Getting to the root of health issues: Public Health is an important dimension in society and as a new discipline, it aims to create awareness about health-related issues in the community in order to prevent them. “Public health is distinctly apart from medical studies as it is not clinical based, and focuses on prevention-based techniques,” Assistant Professor Purnalaxmi Maharjan at National Open College (NOC), Sanepa informs the core idea about this subject. .
As such it works closely with community to create awareness on improving health standards of people. “We work on prevention measures and minimisation of health costs rather than just sending people to hospitals,” he adds. .
This new approach to medicine and health is being offered in the undergraduate level by Tribhuvan University (TU), Pokhara University and Purbanchal University and colleges affiliated to these universities. It is being offered as an eight-semester, four-year course. .
If you are suffering from diarrhoea, a doctor prescribes you the medicine to treat it. But a public health specialist goes to the root of the problem – symptoms and causes of diarrhoea – to find ways to prevent the disease in a community. .
“Doctors are limited to their clinics and prescribing medicines whereas public health specialists work in and for the society,” points out Janak Thapa, Principal of Little Buddha College of Health and Sciences, Minbhawan. .
Their research is based on subjects like Environmental Health and Ecosystem, Community Health Organisation and Development, Epidemiology and Biology among others along with term paper preparations and practical skill development.
As per educator Tripti Shrestha at Manmohan Memorial Institute of Health Sciences, Soaltee Mode, the subject of Public Health combines management, communication, pharmacy, sociology and other basic sciences for a holistic approach to study medicine within society.
Students who have passed the secondary level with C+ and Biology as a major are eligible to appear for Bachelor of Public Health’s (BPH) entrance examination.
The course, that was never even an option for students earlier, has become a lead-
ing choice in the medical faculty today after Bachelor of Medicine, Bachelor of Surgery (MBBS), claims Prof Dr Archana Amatya, Head of Public Health Department, TU citing the increasing number of applicants.
As such the seats at TU-affiliated colleges have gone upto 40 from 30 in the last four years. Meanwhile, Pokhara and Purbanchal universities take in 60 to 70 students.
The shift to Bachelor of Public Health is mainly due to its sub-medical nature.
“We have a rigid societal structure — parents still want their children to be a doctor as it is considered the most respectful occupation. Students give it (MBBS) a try but not all get through,” Shrestha cites of the trend in Manmohan.
The next option is BPH
Pratikshya Poudel is one such student at Man- mohan. “It was a haphazard choice, but it has been re- warding, gaining a social to management perspective on medicine,” adds this IIIrd Year student.
Another student, Sumina Adhikari from Pokhara-affiliated NOC is a similar case and the best part about this course is that “I can show- case and hone my skills of communication”.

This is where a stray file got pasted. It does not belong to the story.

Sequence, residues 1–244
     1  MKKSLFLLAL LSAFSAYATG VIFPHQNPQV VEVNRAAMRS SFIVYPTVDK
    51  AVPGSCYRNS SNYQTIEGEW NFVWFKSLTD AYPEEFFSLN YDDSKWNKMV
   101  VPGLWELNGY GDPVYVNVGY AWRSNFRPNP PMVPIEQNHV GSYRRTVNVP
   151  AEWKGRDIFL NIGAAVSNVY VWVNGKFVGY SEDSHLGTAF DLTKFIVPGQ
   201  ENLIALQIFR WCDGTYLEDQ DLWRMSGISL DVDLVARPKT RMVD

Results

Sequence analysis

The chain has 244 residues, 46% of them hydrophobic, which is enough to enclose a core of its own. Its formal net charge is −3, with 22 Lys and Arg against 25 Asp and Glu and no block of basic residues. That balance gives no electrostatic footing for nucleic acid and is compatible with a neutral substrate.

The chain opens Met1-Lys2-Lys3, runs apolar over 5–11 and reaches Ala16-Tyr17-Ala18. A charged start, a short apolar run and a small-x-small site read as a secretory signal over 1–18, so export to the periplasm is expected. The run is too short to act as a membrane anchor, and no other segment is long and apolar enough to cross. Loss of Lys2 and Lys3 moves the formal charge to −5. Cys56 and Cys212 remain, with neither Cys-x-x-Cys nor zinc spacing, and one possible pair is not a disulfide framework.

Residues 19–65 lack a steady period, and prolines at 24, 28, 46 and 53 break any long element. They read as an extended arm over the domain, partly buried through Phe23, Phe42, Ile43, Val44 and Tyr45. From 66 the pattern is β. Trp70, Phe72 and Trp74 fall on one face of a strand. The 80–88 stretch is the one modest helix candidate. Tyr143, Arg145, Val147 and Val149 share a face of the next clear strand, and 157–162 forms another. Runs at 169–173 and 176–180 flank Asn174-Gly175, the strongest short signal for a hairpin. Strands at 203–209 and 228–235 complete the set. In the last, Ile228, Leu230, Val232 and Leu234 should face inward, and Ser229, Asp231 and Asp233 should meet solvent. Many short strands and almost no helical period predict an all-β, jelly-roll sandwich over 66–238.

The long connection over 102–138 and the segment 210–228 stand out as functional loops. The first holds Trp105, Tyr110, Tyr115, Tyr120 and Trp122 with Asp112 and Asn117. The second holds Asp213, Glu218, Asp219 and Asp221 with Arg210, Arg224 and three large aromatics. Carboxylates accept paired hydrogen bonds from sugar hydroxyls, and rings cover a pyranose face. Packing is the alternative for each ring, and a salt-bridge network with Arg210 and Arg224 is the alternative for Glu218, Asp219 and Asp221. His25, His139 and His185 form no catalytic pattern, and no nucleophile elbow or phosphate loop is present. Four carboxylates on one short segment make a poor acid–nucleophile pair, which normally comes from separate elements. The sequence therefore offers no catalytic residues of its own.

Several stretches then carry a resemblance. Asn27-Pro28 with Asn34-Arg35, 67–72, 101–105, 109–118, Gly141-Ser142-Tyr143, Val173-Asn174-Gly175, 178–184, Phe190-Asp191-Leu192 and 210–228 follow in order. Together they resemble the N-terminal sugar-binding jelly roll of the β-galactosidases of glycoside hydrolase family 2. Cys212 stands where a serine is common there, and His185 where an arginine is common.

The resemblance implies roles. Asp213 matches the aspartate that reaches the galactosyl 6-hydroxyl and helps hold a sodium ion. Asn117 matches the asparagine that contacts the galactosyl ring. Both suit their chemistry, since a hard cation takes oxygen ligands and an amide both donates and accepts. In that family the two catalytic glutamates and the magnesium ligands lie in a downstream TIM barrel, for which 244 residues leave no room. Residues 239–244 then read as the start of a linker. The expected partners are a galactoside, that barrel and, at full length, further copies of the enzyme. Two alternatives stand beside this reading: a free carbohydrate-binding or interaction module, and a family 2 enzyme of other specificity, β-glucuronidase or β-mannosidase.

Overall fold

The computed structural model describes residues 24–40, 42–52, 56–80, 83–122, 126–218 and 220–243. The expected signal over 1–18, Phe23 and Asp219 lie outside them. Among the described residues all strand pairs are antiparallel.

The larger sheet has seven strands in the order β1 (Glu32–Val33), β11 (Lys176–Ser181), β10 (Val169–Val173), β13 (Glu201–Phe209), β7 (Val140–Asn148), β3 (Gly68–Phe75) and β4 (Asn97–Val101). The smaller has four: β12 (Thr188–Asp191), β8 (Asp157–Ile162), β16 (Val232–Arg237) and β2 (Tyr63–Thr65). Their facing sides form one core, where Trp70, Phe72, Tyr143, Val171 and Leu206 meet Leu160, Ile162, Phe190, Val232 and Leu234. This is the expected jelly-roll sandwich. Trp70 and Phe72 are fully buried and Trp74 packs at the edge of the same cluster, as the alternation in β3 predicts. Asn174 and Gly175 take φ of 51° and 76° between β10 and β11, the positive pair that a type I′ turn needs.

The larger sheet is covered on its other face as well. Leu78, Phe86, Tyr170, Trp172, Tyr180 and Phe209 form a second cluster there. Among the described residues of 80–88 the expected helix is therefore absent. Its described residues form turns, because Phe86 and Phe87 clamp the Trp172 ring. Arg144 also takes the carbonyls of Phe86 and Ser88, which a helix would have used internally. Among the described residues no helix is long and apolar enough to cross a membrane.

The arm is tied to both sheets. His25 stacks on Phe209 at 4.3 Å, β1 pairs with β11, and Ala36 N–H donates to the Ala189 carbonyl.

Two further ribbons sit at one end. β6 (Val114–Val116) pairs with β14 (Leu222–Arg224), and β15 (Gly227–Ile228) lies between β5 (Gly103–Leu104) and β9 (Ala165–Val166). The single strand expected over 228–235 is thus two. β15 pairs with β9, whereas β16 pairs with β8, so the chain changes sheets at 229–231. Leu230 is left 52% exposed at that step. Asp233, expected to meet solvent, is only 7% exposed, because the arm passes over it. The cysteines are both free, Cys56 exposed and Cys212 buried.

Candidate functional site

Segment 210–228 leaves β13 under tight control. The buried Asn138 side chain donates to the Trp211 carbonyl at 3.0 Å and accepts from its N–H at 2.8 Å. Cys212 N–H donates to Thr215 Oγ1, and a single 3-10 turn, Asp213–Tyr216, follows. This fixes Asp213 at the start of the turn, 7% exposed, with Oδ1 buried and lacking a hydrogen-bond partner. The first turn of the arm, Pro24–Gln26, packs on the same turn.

The IInd Semester student of BPH wishes to go abroad to pursue Master of Public Health (MPH) to gain a broader perspective and “it’s a relative choice”
Though BPH was just an option after not making it through MBBS, Rubin Ghimire, a IVth semester student from Little Buddha College, wants to serve in the rural area after he completes his studies.
“I have built this interest of doing something for rural communities — I wish to focus on developing rural health and promote rural development,” he shares. He wishes to study MPH in Germany and return to work with the rural communities here.
Scope and opportunities
From governmental, non- governmental, private, educational and research sectors, the scope for Public Health students are as wide as it can get.
“For students who are dedicated, competent and not studying for the sake of studying, the doors are open for you to embark on a successful professional career,” Thapa opines.
He emphasises BPH develops a student towards becoming a manager, technical person, researcher and a great academician.
From health posts in communities to getting a secured job through Public Service Commission, Shrestha says students can apply any where. “Even educational institutions lack full-time staff as most of them are part-time teachers. You can lead projects for various INGOs and NGOs and also become an independent researcher.”
As the course is a necessity worldwide, it is not even necessary to be limited to Nepal.
But “it will be better to implement your knowledge locally since the course emphasises on adjusting as per the requirement, area and situation,” Asst Prof Maharjan highlights.
- Manmohan Memorial In- stitute of Health Sciences Cost: Rs 6,94,000
- Little Buddha College of Health and Sciences Cost: Rs 6,25,000
- National Open College Cost: Rs 9,90,000 (approximately)
Interdisciplinary and updating
The course which includes Anthropology to Biology has also created dilemma for students. Poudel is having difficulties in shaping her career direction. “There’s no particular path- way. There are so many subjects to choose from. I have been thinking of Epidemiology but am confused about my employment direction.
For such a problem, Shrestha opines that institutions should focus on career counselling for students. “We need to recognise their strengths and help them to hone it in that field.”
To hone one’s interest and skills, educators like her wish their students to not just “rely on teachers’ handouts, notes and limited books”. “It is a subject that is always being updated and of a technical nature where we have to upgrade knowledge — this requires a lot of self-research and an analytical attitude.”
HIMALAYANTIMES (Sep 20, 2018) Himalayan News Service Kathmandu